A minimum interval is the shortest amount of time that must pass before an additional dose of the same immunization is recommended for a person. Minimum intervals are important because if vaccines are given too close together in time, the most protective immune response may not be generated. If vaccines are given in more than two doses, there my also be minimum intervals between the first and last dose.

A missed opportunity occurs when a patient comes into contact with the healthcare system for some other reason (a physical exam, mild illness, or emergency room visit) and he/she is in need of an immunization, but is it not offered during that visit. As a healthcare professional, it is imperative to be in the habit of checking each patient’s immunization status to minimize the missed opportunities in a healthcare setting. “Every patient, every time” is a good motto to follow- check every patient’s immunization status at every visit.

Reasons for missed opportunities include:

  • Not checking immunization status and administering all needed vaccines at every visit
  • Lack of simultaneous administration of all recommended vaccines or having an arbitrary maximum number of injections or antigens that are provided at one visit (on the part of either the healthcare provider or the patient/parent/guardian)
  • Parental lack of awareness regarding vaccine needs
  • Invalid contraindications
  • Inappropriate clinic policies
  • Reimbursement deficiencies

Strategies for reducing missed opportunities include:

  • Standing orders: protocols whereby nonphysician immunization personnel may immunize clients without direct physician involvement at the time of immunization; can be implemented in clinics, hospitals, and nursing homes.
  • Patient and public education: increases understanding about the important benefits of immunizations among the public and healthcare providers. There are several educational materials available from the CDC, the Immunization Action Coalition, Vaccine Education Center at The Children’s Hospital of Philadelphia and some state health departments, hospitals and professional organizations.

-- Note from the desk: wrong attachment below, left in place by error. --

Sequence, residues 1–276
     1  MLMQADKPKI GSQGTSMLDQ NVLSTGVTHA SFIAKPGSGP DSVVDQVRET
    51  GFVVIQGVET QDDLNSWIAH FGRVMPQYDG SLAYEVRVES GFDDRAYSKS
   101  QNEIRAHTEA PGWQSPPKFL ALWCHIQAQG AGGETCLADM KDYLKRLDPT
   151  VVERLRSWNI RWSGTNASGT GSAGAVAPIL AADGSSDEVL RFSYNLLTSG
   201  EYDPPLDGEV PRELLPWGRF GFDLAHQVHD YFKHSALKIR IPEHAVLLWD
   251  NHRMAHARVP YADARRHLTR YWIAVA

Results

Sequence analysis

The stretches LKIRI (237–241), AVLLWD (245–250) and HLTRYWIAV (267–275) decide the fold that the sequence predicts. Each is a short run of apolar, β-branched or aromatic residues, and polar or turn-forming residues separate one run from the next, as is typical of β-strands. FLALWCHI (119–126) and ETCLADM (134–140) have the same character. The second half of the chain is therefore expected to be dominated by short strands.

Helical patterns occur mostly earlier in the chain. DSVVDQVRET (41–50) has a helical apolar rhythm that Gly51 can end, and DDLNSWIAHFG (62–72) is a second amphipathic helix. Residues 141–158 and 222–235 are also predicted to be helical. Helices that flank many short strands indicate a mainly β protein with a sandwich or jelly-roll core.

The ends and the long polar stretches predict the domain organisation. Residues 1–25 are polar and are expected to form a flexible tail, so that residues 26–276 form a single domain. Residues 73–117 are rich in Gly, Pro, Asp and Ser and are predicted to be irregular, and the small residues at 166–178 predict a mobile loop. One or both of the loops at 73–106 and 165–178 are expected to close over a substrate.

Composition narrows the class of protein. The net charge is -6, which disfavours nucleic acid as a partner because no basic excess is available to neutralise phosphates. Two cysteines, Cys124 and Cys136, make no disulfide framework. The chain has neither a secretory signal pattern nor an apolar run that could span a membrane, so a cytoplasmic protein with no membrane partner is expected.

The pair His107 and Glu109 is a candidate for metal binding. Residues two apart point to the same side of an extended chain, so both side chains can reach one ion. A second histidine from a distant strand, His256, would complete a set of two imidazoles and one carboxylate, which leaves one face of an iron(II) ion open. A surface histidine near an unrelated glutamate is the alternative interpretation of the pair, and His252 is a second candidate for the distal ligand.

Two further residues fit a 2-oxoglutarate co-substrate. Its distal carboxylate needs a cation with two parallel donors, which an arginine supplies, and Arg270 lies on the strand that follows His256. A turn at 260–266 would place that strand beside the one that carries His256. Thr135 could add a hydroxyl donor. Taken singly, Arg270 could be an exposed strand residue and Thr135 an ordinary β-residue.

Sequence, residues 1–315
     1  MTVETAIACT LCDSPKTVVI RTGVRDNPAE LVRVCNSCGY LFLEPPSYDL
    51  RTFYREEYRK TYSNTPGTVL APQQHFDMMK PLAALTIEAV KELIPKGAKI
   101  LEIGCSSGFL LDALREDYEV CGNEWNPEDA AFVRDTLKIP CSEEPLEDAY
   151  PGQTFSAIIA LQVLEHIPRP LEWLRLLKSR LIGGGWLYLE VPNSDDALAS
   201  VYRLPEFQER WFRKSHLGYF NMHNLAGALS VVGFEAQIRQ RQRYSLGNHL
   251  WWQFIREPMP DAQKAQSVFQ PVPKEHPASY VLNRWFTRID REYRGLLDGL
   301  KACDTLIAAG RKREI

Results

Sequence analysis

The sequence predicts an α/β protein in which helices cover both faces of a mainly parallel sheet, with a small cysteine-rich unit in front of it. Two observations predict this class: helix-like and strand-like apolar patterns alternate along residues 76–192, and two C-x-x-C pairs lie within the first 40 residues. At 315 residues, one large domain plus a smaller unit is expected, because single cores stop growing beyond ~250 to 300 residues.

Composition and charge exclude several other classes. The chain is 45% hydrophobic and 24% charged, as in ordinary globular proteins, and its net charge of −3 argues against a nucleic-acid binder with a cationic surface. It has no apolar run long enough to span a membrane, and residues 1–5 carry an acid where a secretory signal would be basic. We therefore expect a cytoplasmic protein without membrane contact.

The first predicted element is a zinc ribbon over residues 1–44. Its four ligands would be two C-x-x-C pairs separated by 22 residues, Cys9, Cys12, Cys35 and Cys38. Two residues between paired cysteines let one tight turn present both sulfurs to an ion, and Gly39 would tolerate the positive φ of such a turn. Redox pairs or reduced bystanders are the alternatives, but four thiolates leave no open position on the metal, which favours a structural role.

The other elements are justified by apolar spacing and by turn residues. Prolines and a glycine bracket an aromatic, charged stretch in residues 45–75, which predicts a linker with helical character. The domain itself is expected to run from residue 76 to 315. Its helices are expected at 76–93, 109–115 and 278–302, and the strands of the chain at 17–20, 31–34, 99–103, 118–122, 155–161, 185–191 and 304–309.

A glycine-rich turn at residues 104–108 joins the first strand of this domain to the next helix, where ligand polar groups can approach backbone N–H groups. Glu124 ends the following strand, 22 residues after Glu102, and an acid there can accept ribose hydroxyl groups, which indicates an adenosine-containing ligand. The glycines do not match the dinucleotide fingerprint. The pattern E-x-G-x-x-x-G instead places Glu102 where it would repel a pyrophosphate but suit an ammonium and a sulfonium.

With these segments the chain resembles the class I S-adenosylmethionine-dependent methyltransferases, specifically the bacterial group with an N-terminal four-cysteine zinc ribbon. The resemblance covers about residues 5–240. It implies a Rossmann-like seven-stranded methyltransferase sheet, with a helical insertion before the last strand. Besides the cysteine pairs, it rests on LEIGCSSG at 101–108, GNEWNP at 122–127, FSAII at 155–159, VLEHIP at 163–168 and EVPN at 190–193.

• Expanding clinic hours
  • Reminder/recall systems: help to inform those who administer immunizations that individual patients are due (reminder) or overdue (recall) for specific immunizations.

Types of reminder/recall systems:

  • Chart reminders can be as simple as a colorful sticker on the chart or as comprehensive as a checklist of preventive services including immunizations. These reminders tend to be more effective when they require acknowledgement by the healthcare provider, such as initials or a signature. Chart reminders are inexpensive, efficient and only require staff time and chart reminders in order to implement. However, it only reaches patients with scheduled office visits.
  • Mail/telephone reminder/recall systems prompt the staff to telephone patients or send a postcard/letter/email reminding them that a vaccination is due or overdue. Some systems offer the opportunity for the patient to schedule an appointment.  Reminder/recall systems can reach patients who may otherwise not have scheduled visits. Reminder/ recall systems can be as simple as picking one age or risk group for focused outreach. The ease of implementation and amount of staff time needed depend on the complexity of the effort and the availability of computer systems that can make reminder/recall “automatic.” Electronic medical record systems increasingly incorporate these types of systems.
  • Computerized reminders involve a computer that prints a list of possible reminders that appear on a patient’s record. The software can be programmed to determine the dates that certain preventive procedures are due or past due and then print computer-generated reminder messages, usually overnight, for patients with visits schedules for the next day. Software can be stand-alone or part of an Electronic Medical Record (EMR). This system is effective, efficient, and inexpensive once the computerized system is in place. This system can only reach patients with office visits and requires a computer program linked to an immunization registry, medical records or billing data to generate reminders.